Washington, DC (PRWEB) July 30, 2010
During a recent international conference in Vienna for 20,000 AIDS scientists, health workers and activists, former U.S. President Bill Clinton and Microsoft founder Bill Gates urged AIDS activists to try to generate the most value possible out of funds set aside for HIV/AIDS prevention services and treatments, including securing access to drugs. Reuters Health and Science Correspondent Kate Kelland highlighted the leaders’ remarks in a recent article:
"The world is awash in troubles. It is easy to rail at a government and say ... give us more money. But we also have to change the way we do what we do," Clinton told the conference. “If we're going to make this case, they (donor governments) have to believe that we are doing our job faster, better and cheaper. Then we have the moral standing to go ask people to give us more money."
Gates, a philanthropist whose Gates Foundation spends a large portion of its $34 billion fund on fighting AIDS, said efficiency was vital to be able to scale up access to AIDS drugs for the 15 million people who need them, "We can't keep spending AIDS resources in exactly the same way we do today," he said. "As we ... advocate for more funding, we also need to make sure we're getting the most benefit from each dollar of AIDS funding and every ounce of effort."
In keeping with this message, Global Health Progress’ recent 3rd Annual African Health Delegation let African officials share experiences, expertise and insights about how they efficiently employ available resources when battling diseases in Africa. These conferences are just one way GHP helps advocacy groups meet Clinton and Gates’ plea for activists to employ “efficiency saving” tactics when delivering treatments and securing access to drugs for countries “hardest hit and at highest risk” by HIV/AIDs and other diseases.
For example, during GHP’s 3rd Annual African Health Delegation, Dr. Robert Einterz, Associate Dean of the Indiana University School of Medicine, described the 20-year-old Academic Model Providing Access to Healthcare (AMPATH) partnership in Kenya between the Schools of Medicine at Indiana University and Moi University. What started as a joint effort to develop leaders in health care for both the US and Kenya has grown to provide treatment and prevention for HIV/AIDS, testing for HIV and tuberculosis, access to drugs, distribution of bed nets to prevent malaria, food and income security programs and care for orphans and vulnerable children.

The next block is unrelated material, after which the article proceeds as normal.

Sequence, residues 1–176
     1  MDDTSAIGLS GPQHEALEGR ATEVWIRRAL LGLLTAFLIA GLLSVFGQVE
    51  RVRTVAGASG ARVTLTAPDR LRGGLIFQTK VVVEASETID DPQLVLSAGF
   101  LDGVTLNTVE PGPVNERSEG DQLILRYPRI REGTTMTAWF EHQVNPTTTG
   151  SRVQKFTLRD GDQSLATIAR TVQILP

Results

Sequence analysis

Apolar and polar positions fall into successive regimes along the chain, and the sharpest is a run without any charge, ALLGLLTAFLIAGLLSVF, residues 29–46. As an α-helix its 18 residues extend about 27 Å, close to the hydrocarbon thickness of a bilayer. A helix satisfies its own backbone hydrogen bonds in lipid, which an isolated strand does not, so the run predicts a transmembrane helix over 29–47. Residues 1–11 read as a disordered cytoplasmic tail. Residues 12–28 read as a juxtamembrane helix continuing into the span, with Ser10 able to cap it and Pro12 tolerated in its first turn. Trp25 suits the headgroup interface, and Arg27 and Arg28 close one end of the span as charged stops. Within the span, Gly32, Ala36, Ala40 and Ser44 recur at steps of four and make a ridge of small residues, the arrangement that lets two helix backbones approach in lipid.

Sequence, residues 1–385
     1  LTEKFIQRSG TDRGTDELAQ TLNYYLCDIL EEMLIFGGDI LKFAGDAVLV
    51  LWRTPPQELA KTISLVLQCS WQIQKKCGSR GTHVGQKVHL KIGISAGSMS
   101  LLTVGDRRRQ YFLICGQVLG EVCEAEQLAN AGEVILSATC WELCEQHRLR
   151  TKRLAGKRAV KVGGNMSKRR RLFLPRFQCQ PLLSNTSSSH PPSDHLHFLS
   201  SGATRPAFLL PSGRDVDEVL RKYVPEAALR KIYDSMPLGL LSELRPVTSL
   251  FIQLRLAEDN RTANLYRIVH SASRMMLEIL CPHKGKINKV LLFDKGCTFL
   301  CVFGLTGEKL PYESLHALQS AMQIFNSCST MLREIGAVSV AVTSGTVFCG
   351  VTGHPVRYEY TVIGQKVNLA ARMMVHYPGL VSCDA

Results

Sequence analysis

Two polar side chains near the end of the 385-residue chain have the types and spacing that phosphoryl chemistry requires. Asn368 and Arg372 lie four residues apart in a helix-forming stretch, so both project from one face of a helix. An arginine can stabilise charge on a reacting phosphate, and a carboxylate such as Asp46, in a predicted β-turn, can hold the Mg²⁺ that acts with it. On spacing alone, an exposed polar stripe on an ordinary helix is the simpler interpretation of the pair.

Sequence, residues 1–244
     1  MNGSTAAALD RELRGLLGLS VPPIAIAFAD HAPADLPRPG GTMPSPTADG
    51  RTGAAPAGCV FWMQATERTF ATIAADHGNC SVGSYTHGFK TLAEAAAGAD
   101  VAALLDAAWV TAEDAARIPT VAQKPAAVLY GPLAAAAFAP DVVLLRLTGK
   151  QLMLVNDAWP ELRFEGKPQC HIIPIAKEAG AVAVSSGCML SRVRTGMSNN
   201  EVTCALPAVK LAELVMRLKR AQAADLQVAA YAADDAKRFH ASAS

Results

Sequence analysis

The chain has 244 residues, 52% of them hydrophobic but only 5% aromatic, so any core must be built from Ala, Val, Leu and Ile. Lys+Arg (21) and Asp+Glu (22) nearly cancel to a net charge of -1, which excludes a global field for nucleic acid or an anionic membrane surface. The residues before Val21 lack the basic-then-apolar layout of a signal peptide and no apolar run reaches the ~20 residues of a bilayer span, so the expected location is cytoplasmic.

Also at the Delegation, Mr. Kris Natarajan, Director, Global Partnerships at Merck, outlined a number of partnerships the company has in Africa, including the African Comprehensive HIV/AIDS Partnerships (ACHAPS), which is a collaboration between Merck, the Government of Botswana and the Bill & Melinda Gates Foundation.
GHP continues to advocate for efficient and effective tactics for HIV/AIDs prevention and treatments through supporting successful public and private partnerships as well as determining news ways to secure additional resources, including reliable access to drugs.
About Global Health Progress:
Global Health Progress provides a platform for companies, governments, public health leaders, universities, foundations, and other stakeholders to share experiences and best practices and to forge new partnerships. Global Health Progress also supports efforts to raise awareness and mobilize resources to address health challenges in the developing world by bringing local leaders together with international health experts, policymakers, donor governments, and the private sector.
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